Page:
Many organizations struggle with applying new technology in their manufacturing operations. SME conducted the Manufacturing Technology Harmonization Study to understand how companies approach this challenge of integrating smart manufacturing, big data, and both new and old capital equipment in a cost-effective and practical implementation.
More than half of respondents (59 percent) indicated their organization has a standardized process for implementing new technology on the production floor. Large organizations with more than $5 million in annual revenue are significantly more likely to have a standard process compared with smaller companies (70 vs. 33 percent). On average, organizations are implementing three to four new technologies at any given time, with half implementing two to five at a time.
Software is not updated frequently on machines on the production floor. Slightly less than one-quarter (22 percent) of respondents disclosed that their software is updated every few years, while another 18 percent said software is updated yearly. One-fifth indicated that software on their production floor is almost never updated, and this figure jumps to one-third among fabricated metal products organizations.
Organizations are most likely to have both the vendor and in-house staff complete a full analysis prior to integration to ensure compatibility between the old and new software and equipment. Slightly less than half of respondents indicated that their organizations use a joint effort when introducing new software and just over half when introducing new equipment. Less than a fifth ensure this compatibility strictly in-house and even fewer rely solely on the vendor.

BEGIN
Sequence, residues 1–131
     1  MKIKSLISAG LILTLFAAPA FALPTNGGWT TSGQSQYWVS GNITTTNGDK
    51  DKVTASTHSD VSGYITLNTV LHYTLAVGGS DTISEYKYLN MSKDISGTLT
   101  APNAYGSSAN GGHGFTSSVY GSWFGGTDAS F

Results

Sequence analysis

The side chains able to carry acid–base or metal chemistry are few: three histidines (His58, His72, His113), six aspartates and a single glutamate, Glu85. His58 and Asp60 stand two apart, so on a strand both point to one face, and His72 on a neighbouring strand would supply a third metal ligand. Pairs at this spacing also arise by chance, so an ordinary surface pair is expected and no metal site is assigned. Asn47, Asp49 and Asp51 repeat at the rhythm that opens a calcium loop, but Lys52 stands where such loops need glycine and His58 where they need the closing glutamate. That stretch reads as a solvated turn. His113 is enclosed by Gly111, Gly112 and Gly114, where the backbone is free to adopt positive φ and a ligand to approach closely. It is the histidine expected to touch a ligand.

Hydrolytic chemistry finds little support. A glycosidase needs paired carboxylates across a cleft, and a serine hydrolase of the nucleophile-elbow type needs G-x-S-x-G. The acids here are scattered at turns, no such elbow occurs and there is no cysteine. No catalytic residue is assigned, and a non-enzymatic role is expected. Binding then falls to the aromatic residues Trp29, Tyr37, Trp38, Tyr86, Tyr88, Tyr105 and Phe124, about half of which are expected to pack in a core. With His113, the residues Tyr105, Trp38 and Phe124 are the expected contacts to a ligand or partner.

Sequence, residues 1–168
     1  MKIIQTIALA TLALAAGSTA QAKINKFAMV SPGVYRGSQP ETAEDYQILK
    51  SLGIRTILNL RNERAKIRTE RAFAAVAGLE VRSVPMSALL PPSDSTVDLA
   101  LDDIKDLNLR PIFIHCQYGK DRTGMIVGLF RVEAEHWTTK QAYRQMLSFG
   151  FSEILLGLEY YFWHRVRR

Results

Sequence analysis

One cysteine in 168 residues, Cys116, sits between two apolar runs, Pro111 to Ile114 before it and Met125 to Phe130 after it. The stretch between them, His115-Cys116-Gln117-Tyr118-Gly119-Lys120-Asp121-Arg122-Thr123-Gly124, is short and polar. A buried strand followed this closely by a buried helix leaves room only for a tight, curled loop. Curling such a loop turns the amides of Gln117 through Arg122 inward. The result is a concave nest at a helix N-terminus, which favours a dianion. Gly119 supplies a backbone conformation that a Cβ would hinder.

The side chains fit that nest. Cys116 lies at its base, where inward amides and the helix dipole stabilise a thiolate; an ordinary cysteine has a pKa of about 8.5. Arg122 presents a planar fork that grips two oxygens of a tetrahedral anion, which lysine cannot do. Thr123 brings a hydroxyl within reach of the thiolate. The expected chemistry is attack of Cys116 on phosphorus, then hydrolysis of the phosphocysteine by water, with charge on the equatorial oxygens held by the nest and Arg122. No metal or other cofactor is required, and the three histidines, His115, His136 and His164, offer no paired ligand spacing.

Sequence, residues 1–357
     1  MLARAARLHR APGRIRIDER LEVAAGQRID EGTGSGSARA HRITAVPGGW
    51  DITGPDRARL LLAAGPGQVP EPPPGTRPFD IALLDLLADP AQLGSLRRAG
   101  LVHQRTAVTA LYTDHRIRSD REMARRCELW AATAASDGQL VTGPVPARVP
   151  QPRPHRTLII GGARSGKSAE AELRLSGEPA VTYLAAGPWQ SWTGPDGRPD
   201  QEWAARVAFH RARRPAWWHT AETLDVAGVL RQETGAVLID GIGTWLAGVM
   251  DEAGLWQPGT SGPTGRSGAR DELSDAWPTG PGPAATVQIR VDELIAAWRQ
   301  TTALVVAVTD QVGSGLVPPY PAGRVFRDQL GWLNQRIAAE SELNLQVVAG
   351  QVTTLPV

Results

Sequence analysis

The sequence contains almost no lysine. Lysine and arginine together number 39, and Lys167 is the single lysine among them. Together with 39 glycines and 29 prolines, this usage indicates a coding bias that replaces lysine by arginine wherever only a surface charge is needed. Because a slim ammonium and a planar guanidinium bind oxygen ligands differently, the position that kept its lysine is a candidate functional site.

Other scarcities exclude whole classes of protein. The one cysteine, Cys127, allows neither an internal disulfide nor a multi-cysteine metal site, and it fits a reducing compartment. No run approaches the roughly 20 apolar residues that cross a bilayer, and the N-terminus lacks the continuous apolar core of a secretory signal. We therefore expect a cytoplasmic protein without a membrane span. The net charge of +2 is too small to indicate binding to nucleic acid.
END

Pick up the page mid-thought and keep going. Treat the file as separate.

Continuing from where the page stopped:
During new software and equipment installations, less than half of respondents reported tailoring their training programs prior to the integration on the production floor. Of those organizations that do have a training program in place, employees are required to complete multiple types of training. The most common requirement for employees to complete is to provide work instructions or internal process documentations.
Larger organizations are more likely to have a training program and are also more likely to require employees to complete most of these training tasks compared with smaller companies.
Whether implementing new software or equipment on the shop floor, organizations were consistent in how they measure the effectiveness of employee training on these new technologies. The top methods of measuring effectiveness are determining if there are fewer defective parts/waste, followed by increased output, and a reduction in rework time necessary on parts. Although mentioned far less, 18 percent measure the training for new software by needing fewer employees on the shop floor and 27 percent measure the training for new equipment in this manner.
On average, organizations have three to four training programs that are required for production floor employees.
Safety training (89 percent), new employee orientation (83 percent), validated standard work instructions (62 percent), and compliance training (57 percent) were most frequently mentioned. Certifications (38 percent) and off-floor learning labs (19 percent) were mentioned less often. Organizations with more than $5 million in annual revenue are significantly more likely to offer all these training programs compared with smaller organizations.
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